Each year Georgia is teased by the season of Fall.
One day it’s cold, then the next it’s up in the 90’s.
Each morning requires a jacket but by 3:00pm we’re ready to shed more than the jacket. As October comes to a beginning, you might be wondering one simple thing;
When Is It Going To Feel Like Fall?
Agricultural Climatologist Pam Knox spends her days tracking the affect of climate on agriculture and summarizing the weather for her region (Athens-Clarke & Oconee County). She made it clear that “fall” is a relative term. Some refer to fall as the changing of the temperature or the falling leaves. “For me, fall is when I get to add sweaters into my wardrobe,” said Knox.
So what is fall?
In climatologist’s terms
For someone in Knox’s field of climate study, fall is observed September 1 to November 30.
This term is related to the dates of soltices and equinoxes of the year. A website run by University of Texas McDonald Observator — Stardate.org — explains the autumnal equinox as the time of year when the sun appears in the sky at the intersection of the ecliptic and the celestial equator. The equinoxes are used so that the seasons can be marked equally each year although the weather and temperature might vary from year to year.
Climate Change’s Affect
Knox explains climate change as an envelope term “encompassing natural and human caused variations.”. Climate change is a long term-affect, so therefore in her day to day work with agriculture, an impactful industry in the Athens area, climate change is not much of an issue. Knox states that farmers are looking generally concerned of short terms affects and rarely look too far past a calendar year in advance.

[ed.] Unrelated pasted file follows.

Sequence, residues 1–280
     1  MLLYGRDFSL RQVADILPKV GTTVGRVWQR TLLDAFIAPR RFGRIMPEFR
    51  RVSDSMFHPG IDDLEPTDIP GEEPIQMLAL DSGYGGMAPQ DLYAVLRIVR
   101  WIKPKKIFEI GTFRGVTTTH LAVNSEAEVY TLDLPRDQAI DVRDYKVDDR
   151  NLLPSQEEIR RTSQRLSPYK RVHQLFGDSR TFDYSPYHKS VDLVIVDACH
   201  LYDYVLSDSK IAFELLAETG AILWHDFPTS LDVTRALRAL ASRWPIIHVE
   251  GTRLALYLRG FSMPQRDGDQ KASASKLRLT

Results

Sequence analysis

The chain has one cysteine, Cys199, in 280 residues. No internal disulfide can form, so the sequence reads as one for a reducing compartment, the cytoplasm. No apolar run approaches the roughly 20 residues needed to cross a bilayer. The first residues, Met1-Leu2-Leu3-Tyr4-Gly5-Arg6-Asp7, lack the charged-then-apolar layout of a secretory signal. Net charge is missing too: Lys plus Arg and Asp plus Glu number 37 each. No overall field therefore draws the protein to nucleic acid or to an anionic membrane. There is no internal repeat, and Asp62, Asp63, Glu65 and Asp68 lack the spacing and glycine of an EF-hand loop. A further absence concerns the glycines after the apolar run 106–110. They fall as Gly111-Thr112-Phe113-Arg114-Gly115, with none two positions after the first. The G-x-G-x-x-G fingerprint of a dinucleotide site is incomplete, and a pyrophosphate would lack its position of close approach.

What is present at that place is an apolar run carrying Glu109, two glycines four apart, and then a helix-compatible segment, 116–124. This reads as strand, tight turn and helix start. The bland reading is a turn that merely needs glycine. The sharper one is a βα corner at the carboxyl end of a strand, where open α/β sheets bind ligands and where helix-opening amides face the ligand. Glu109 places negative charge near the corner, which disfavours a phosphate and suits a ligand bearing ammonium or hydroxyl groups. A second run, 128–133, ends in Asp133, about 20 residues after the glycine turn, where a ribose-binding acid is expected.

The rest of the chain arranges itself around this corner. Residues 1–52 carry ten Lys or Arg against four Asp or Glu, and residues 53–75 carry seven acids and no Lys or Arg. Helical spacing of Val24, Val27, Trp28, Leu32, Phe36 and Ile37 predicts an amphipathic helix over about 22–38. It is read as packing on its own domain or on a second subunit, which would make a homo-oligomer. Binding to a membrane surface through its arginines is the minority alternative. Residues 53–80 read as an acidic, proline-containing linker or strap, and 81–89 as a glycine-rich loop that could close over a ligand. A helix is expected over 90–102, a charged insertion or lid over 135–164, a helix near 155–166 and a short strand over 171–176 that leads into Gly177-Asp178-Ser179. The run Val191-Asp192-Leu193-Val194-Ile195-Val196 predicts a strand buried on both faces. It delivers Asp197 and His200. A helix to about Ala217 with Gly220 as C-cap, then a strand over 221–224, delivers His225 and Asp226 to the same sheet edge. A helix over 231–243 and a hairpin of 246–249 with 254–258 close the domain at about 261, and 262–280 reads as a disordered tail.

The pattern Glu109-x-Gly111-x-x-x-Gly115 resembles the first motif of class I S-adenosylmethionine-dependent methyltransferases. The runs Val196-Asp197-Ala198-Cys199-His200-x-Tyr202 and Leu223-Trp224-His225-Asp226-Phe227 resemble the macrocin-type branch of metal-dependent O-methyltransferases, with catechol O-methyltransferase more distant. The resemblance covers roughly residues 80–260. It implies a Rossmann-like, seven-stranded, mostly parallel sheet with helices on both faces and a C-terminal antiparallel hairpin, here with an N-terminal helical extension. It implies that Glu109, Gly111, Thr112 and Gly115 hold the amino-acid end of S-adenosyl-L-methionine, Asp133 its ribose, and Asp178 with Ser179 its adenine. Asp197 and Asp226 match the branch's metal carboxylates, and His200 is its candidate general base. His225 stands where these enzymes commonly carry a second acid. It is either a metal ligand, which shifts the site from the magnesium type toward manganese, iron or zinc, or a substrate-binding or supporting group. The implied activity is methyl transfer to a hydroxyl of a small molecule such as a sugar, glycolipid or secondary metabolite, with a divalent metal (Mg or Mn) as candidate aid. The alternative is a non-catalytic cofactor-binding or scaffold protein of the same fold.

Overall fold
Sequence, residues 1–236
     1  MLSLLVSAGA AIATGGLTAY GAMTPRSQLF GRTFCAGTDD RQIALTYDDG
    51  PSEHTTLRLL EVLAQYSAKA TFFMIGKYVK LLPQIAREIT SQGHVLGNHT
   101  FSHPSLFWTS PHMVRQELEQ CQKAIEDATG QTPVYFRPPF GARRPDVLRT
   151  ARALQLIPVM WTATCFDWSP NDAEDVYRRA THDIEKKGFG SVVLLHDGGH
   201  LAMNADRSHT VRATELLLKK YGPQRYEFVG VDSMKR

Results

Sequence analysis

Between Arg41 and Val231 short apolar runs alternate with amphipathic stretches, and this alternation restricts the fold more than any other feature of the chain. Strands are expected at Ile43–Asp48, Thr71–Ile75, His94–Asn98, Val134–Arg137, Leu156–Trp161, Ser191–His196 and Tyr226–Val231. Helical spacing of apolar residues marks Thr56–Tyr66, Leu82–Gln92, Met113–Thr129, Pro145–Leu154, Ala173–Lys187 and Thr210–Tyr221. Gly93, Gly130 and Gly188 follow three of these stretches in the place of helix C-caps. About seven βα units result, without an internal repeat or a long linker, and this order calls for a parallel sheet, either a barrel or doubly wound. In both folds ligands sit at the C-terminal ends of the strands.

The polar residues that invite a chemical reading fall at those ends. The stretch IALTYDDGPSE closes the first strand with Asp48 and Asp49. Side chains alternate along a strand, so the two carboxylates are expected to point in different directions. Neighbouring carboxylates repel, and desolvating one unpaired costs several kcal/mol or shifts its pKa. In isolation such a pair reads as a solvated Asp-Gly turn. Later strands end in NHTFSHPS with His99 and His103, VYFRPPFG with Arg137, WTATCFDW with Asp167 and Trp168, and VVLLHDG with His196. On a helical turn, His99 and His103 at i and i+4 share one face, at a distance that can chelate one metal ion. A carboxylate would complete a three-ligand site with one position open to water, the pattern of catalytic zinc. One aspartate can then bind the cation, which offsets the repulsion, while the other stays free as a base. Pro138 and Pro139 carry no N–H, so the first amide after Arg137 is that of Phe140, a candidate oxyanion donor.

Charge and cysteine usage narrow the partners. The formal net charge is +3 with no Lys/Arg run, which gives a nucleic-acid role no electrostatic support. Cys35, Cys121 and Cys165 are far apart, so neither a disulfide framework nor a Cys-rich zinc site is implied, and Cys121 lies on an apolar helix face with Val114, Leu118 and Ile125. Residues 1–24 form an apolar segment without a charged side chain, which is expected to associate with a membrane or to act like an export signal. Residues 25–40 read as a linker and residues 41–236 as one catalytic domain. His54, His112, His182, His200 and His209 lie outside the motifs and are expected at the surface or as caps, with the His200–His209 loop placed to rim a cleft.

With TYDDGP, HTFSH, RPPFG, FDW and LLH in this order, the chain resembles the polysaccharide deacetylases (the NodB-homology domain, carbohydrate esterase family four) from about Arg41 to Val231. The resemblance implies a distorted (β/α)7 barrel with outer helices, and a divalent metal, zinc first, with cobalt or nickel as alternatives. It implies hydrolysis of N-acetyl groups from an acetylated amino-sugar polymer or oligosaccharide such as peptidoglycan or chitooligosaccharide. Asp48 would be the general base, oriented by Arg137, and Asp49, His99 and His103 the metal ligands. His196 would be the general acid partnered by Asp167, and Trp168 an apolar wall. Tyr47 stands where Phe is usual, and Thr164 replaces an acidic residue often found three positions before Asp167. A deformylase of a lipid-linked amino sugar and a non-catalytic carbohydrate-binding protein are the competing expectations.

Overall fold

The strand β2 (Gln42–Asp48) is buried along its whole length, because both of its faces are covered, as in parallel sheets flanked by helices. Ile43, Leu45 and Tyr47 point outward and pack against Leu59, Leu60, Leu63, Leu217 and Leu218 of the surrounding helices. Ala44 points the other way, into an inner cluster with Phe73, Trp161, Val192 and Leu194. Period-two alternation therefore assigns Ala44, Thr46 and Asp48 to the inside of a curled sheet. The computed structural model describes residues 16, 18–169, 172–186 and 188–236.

Like Knox, climate change does not directly affect our daily life. As seen in Image 2, Athens has actually had a negative change in normal temperature – meaning it was actually cooler than average.
S0 what has climate change done to our fall?
Knox states that the southeast region of the United States has actually suffered a less noticeable impact compared to the rest of the country. Georgia is a part of the southeast global warming hole. Knox recalled that for the last 100 years, Georgia has been, on average, cooler than the rest of the U.S. Only until 1960 did areas in the global warming hole see cooler than average temperatures.
However, these cooler than average temperatures are based on an average. The largest affect climate change has on our region are the extreme temperatures, whether cold or hot. Since climate change is a study of base state, these outlier temperatures are what skew the average.
The national weather service recorded that the average temperature in Athens last year September- November was 67.4 degrees, the second warmest on record and Atlanta with a record high of 69.1 degrees.
The first frost date of the fall season in Athens is usually somewhere around the first of November, but even Knox can’t say why. But that’s the game of climate. It’s ever changing and extremely difficult to track.
Knox spends her days working with weather and climate and their affects but even she agrees, fall is nothing but a relative term, different for each person. If fall means cooler temperatures to you, you shouldn’t have to wait much longer, as the temperatures have already began to drop (see Knox’s climate summary).
If fall means Halloween decorations and candy sold at your local grocery store, then you’re probably already enjoying the season. If it means taking a that trip to the mountains and drinking cider by the fire, then gather up your sweater and your favorite mug because now is a bette time than ever. Either way, fall is what you want it to be. So enjoy your football games, your candy, sweaters and trips and make fall your own.